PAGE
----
Clerestory Windows: The Holy Trinity

St. Matthew Catholic Church
Windham, New Hampshire

Architect: deCastro Nelson Associates, Dedham, MA; Antonio P. deCastro, AIA

Trinity Triptych
14.3' w. by 13.6' h. overall

God the Father, Son and Holy Spirit Round Windows
7.1' diameter each

Soaring high overhead, the achromatic Triptych and three Round Windows evoke an otherworldly sense of God as Holy Trinity. The Nave Windows below commemorate events and teachings from Christ’s time on Earth.

The Trinity Triptych and three Round Windows use clear colorless glass and filmy white opals to symbolize the transcendent, spiritual realm. These upper windows represent God the Father, God the Son and God the Holy Spirit both united as One in the triptych and individually in the round windows. The ancient symbol of a downward-reaching hand of God is seen in the God the Father. Colorless “rays” stream from above and pass through a cross and heart in the round Christ Window above the Altar. Symbolizing the light that is Christ becoming incarnate on Earth, they contain the only colored glass in any of the four upper windows. An opal glass dove descends in Holy Spirit where it becomes radiant amber in morning sun..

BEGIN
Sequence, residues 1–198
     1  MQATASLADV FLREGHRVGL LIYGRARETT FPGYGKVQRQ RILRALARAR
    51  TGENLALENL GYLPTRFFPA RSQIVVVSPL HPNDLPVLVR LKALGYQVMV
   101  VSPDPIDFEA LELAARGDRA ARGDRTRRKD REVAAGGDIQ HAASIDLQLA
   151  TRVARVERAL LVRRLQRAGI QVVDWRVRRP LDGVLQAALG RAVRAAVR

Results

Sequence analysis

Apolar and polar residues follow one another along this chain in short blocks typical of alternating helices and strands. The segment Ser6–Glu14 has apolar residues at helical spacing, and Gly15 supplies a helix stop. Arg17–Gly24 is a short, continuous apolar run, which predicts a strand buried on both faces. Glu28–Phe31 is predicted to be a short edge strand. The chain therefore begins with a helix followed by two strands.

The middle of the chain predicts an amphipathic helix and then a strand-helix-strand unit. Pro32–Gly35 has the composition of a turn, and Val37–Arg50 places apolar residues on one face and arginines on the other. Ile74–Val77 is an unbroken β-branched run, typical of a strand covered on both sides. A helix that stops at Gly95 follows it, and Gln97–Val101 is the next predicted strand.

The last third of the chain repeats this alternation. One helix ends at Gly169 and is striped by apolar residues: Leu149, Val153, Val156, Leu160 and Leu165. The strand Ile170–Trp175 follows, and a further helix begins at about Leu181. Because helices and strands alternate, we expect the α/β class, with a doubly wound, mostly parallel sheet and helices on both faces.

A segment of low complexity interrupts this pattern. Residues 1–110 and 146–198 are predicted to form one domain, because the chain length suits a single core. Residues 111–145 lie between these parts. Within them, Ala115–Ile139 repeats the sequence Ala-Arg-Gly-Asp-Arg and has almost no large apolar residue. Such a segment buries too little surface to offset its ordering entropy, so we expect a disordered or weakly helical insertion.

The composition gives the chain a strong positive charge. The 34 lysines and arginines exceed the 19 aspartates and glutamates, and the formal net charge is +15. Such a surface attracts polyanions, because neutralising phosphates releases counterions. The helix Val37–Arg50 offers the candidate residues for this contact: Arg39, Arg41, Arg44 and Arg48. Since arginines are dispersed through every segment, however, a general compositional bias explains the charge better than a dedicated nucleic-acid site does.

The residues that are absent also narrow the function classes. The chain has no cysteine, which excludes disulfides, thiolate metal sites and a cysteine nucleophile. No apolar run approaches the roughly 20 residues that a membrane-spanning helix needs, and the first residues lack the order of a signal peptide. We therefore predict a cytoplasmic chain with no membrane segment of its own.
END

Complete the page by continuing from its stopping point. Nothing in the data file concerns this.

Patterns of light progress across the Nave as sun arcs through its daily and seasonal rounds. Views through the windows change as shadows, foliage and clouds come and go. The windows’ exteriors also change as sunlight gives way to a glowing interior at night. This fully three dimensional and constantly changing experience has become a comforting, yet dynamic part of worship at St. Matthew.

Go to “St. Matthew Catholic Church: Nave Windows”


You are spoken of often.  You are present to us each and every visit to church.  We celebrated our 40th anniversary recently by having a special Mass.  Many of our friends visited St. Matthew for the first time and were in awe.  Father Don joined us afterwards and chatted about the windows.  The consensus was that the church is alive!

Joan Donahue, Parishioner, St. Matthew Catholic Church, Windham, NH

Materials: German, French and Domestic Mouthblown Glass; Machine- and Hand- rolled Glass; Hand-pressed Lenses; Lead; Solder.